Art Spotlight: Grandpa Strig

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Who We Are

Hello Sketchfab! We are a group of Game Design students at Uppsala University; we come from Sweden (Natali) and Spain (Samantha & Roberto). We started to learn 3D modeling and animation about a year ago, and created Strig as one of two characters for a 2-player co-op exploration game called Strig & Kabu. We wanted to create a heartwarming experience within the 8 week timeframe we had available as part of our studies.

Strig’s Origins

Strig lives in a fable-like world and has anthropomorphic features. He is an alchemist, and uses mushrooms to create ointments and concoctions that benefit other animals from his village. He is old, wise, and experienced, but has back pains that prevent him from picking up the mushrooms by himself. He explores the forests with his grandson Kabu, who’s young, energetic, and eager to help out.

We based the concept for Strig on scops owls, as we felt the forehead plumage was a very interesting shape that could still be defined with a low poly model. We chose to have a low polycount (no high polys or baking) because it would decrease production time, something crucial for our small team our time constraints.

Mood boards that inspired Strig’s design:


Scrum And Task Division

Roberto: Since we were making this project in an Agile Scrum environment, we didn’t have truly fixed roles. If something was needed for the game, any of us could make it (that’s why having a style guide was so important!), so while we all had our preferences and strong suits, we were all able to help.

For this piece specifically, the division of tasks was as follows:

  • Samantha: Character concept, concept art, rigging, and texturing; Environment texturing.
  • Natali: Character modelling and animation.
  • Roberto: Character concept; Environment art, concept, and modelling.

Concept Art

Samantha: We tried several versions of owls, but we wanted his eyes to look old, somewhat tired but kind and experienced. The first concept had these “chibi legs” that ended up not fitting the concept so well, and his grandson Kabu looked rather terrible with chibi legs, so we decided bird legs were more fitting. They were more of a challenge and made the movement more interesting in the end. Since we chose a hand-painted style, we decided to try several plumage types before getting into production.

We went back and forth between Strig and Kabu to make them look right in relation to each other and not design them in a vacuum. For the modeling phase, I drew a (rough) turnaround of both characters keeping in mind the relative measurements and sizes between both characters, props, environment, and actions planned for the game, like Kabu hopping on the staff.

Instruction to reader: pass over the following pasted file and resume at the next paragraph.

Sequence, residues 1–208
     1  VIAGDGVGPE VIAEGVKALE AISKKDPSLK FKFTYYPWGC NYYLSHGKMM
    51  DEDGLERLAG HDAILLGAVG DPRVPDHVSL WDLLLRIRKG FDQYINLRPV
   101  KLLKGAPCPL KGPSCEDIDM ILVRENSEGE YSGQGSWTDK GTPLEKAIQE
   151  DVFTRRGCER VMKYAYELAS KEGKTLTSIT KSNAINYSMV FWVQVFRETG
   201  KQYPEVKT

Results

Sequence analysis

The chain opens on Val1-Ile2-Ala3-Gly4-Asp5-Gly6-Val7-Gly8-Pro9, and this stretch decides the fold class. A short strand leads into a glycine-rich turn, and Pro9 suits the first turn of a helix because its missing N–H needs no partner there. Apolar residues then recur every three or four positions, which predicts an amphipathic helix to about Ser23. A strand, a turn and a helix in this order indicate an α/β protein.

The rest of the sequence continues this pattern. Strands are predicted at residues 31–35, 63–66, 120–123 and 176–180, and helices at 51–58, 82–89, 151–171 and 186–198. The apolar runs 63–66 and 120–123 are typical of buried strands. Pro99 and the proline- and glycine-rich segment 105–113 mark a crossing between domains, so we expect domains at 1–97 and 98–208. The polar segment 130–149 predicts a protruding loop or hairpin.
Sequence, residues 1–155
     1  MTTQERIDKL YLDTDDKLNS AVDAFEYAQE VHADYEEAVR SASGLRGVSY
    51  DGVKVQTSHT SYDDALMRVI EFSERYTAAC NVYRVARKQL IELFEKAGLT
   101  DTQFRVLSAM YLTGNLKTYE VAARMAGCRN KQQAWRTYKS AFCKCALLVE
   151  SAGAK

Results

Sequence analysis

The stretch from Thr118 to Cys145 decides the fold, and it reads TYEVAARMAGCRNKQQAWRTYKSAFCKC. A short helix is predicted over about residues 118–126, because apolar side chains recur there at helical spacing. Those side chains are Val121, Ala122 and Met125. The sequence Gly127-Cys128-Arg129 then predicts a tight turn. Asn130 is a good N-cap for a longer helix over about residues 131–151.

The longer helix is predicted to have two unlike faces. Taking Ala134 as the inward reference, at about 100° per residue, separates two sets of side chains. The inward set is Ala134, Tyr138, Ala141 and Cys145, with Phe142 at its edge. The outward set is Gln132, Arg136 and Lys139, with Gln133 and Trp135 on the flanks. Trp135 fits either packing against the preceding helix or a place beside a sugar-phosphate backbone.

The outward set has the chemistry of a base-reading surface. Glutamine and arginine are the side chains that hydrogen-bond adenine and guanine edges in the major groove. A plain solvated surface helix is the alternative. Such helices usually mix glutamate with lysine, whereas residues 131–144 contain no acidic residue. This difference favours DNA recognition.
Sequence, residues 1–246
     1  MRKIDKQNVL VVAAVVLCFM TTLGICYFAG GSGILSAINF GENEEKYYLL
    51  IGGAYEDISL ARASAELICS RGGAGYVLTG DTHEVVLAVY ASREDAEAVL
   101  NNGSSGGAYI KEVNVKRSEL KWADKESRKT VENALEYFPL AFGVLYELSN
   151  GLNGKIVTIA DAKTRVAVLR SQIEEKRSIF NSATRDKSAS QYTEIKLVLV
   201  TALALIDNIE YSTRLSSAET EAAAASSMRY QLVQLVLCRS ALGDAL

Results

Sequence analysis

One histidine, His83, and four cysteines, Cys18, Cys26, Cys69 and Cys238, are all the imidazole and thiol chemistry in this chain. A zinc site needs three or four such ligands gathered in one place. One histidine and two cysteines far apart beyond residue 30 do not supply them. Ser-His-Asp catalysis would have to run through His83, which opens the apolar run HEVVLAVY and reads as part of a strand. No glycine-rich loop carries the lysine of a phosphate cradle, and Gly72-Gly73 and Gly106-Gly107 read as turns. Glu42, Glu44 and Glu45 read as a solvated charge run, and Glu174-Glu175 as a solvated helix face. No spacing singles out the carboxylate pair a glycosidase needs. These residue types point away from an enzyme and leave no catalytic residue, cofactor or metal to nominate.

Natali: When Samantha was done with the concept and the turnaround, she sent it to me. I cut the image into two, added the front view to the front camera in Maya, and the side picture to the side view camera. I used a distance tool to make sure that the images were the same height that the character was going to be in the game. When I had that set up, I started modeling using the images as reference.

I started with a primitive box, and took it from there. I kept the poly count as low as possible in the beginning of the modeling, to make it more manageable. After I was happy with the topology and the primary shapes, I added some extra loops to add the smaller details and to allow for better deformation when the character was animated. I used the same workflow to create the staff from the 2D drawings. For the poncho, I tried to align the loops with those on the body so that it would deform well as the body moved.


Samantha: Rigging was by far the most difficult part, since the way bird legs would move didn’t fit the Human IK. We made a custom rig in Maya for the first time, which had to be optimised for producing a large amount of animations and be comfortable enough to use. We encountered so many problems along the way that I still have nightmares about clusters and double transformations to this day. Nevertheless, when you find that the rig works as intended, it’s a wonderful, fulfilling experience, even if it is just by contrast. For the Sketchfab model we made quite simple idles to show the basic bones movement. The staff was prepared to work as a partial ragdoll bone in Unreal.